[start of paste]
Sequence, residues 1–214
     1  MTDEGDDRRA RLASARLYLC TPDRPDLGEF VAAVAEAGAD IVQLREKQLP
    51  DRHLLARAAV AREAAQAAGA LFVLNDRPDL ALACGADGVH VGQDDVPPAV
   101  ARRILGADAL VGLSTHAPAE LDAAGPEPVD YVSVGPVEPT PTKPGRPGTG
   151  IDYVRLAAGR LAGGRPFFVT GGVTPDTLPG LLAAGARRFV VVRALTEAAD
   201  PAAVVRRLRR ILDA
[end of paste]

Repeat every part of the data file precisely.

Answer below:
Sequence, residues 1–214
     1  MTDEGDDRRA RLASARLYLC TPDRPDLGEF VAAVAEAGAD IVQLREKQLP
    51  DRHLLARAAV AREAAQAAGA LFVLNDRPDL ALACGADGVH VGQDDVPPAV
   101  ARRILGADAL VGLSTHAPAE LDAAGPEPVD YVSVGPVEPT PTKPGRPGTG
   151  IDYVRLAAGR LAGGRPFFVT GGVTPDTLPG LLAAGARRFV VVRALTEAAD
   201  PAAVVRRLRR ILDA